Review – Bangladesh Diaries

Bangladesh Diaries

By Salam Jones


Bangladesh Diaries is a photographic journal of Salam Jones’ travels in Bangladesh. It is a product of over three months of travelling in the densely populated nation of 150 million people taking photographs of their way of life.

With over 300 pages covering towns and districts spanning from Kushtia to Dhaka to Sylhet, the book captures life as it is in this tiny country, featuring the places, the people and the foods of Bangladesh – all things that make up the culture of a country.

It captures the men, women and children of the country. It features husbands, wives, students, workers, farmers, rickshaw drivers, beggars to name just a few of the categories of people presented in the book.

bd-2The book shows people in their day to day situations without masking the reality of what that is and this is what brings the country to life in a most unique way. The rickshaw driver checking his Facebook page whilst waiting for customers to the fisherwoman casting her net in the river to catch fish all show the side of the country that you would not find depicted in a travel brochure or country guide.

The lush green paddy fields and the beautiful country side photos portray the extreme natural beauty of the country. The pictures of the various fruits, vegetables and other foods show the immense variety of food that is produced in the country. The photos of people in their daily work shows the dedication that they have towards providing for their families. All of this brought together produces a wonderful book that captures the life and soul of Bangladesh. A country with so much potential, if only her people knew!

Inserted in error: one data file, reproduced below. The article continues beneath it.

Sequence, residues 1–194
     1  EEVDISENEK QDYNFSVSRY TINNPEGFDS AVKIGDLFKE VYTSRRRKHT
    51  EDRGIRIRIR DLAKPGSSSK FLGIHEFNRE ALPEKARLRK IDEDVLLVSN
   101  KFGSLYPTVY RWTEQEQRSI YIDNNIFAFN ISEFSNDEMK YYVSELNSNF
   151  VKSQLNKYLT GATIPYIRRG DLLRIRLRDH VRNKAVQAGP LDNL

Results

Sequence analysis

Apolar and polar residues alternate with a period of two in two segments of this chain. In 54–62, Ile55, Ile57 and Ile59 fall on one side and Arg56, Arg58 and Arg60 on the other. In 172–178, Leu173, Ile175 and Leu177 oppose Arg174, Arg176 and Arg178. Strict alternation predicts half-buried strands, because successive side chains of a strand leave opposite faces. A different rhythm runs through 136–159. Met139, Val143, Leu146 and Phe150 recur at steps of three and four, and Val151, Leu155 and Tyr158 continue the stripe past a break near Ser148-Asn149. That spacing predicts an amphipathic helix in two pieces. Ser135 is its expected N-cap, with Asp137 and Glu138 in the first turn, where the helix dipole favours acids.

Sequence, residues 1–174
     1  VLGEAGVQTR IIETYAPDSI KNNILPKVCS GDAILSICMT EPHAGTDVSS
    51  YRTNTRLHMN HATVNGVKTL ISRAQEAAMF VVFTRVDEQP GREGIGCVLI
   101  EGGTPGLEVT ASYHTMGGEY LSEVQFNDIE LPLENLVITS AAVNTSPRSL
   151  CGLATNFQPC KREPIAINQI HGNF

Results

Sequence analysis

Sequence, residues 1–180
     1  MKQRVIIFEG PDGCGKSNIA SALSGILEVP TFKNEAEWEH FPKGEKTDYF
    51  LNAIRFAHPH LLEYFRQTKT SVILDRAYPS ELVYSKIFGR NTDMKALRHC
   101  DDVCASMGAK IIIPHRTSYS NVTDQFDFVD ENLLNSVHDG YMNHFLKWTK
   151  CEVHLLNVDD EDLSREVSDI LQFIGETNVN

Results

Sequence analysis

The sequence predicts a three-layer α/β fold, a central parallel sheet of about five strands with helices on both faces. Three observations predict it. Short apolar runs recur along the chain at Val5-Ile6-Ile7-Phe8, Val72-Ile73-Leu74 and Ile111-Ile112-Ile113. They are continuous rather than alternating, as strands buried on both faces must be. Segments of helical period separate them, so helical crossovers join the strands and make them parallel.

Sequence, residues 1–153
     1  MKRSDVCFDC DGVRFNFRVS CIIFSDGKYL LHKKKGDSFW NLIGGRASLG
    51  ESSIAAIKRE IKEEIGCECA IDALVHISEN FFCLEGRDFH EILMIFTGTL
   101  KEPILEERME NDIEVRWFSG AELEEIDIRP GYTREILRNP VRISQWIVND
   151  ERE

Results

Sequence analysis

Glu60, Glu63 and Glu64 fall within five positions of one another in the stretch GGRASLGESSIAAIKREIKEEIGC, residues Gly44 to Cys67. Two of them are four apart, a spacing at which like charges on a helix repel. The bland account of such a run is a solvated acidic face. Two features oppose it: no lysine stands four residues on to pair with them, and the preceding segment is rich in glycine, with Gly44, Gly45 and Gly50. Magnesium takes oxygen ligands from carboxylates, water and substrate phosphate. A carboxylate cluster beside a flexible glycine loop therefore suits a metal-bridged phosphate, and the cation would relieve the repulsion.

The stark reality of poverty shows in almost all of the photographs. As beautiful as the country may be it’s inhabitants struggle with poverty on a daily basis and this shows up in many of the photos that Salam Jones’ has presented in this book.

bd-3On a presentation level, the book is presented well, with photographs of various sizes covering the pages. Some sections are accompanied by text explaining the place and the context in which the photos were taken. In other places there are just small captions under the photos to tell the readers what they are. Some photos needed no captions to explain them and therefore were left to the reader to decipher its meaning.

Given that Salam Jones has had no formal training in photography, most of the images that he has presented are of a high quality and of good composition. My only qualm would be with the editors / printers who seemed to have cut the upper section of people’s heads in a few of the photographs. Also some of the photographs that are across a double page spread came out a bit blurry.

All in all this is a wonderful book that brings together the places, the people, the food and the general culture of Bangladesh and Bangladeshis. I would recommend it as a gift, particularly for those that have never been to Bangladesh, or some who came from Bangladesh but haven’t been back in some time.

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The book is priced at £20 RRP with all of the proceeds going towards helping the street children and orphans of Bangladesh. You can buy a copy online at the link below or from some of the stockists noted below.

Also available from:

Brick Lane Books, 166 Brick Lane E1

Taj Stores Brick Lane, 112 Brick Lane, London E1

Blackstone Whitechapel, East London Mosque, London E1

Blackstone Luton, 162 Dunstable Rd, Luton LU1.

Abu Zaynah

05 December 2016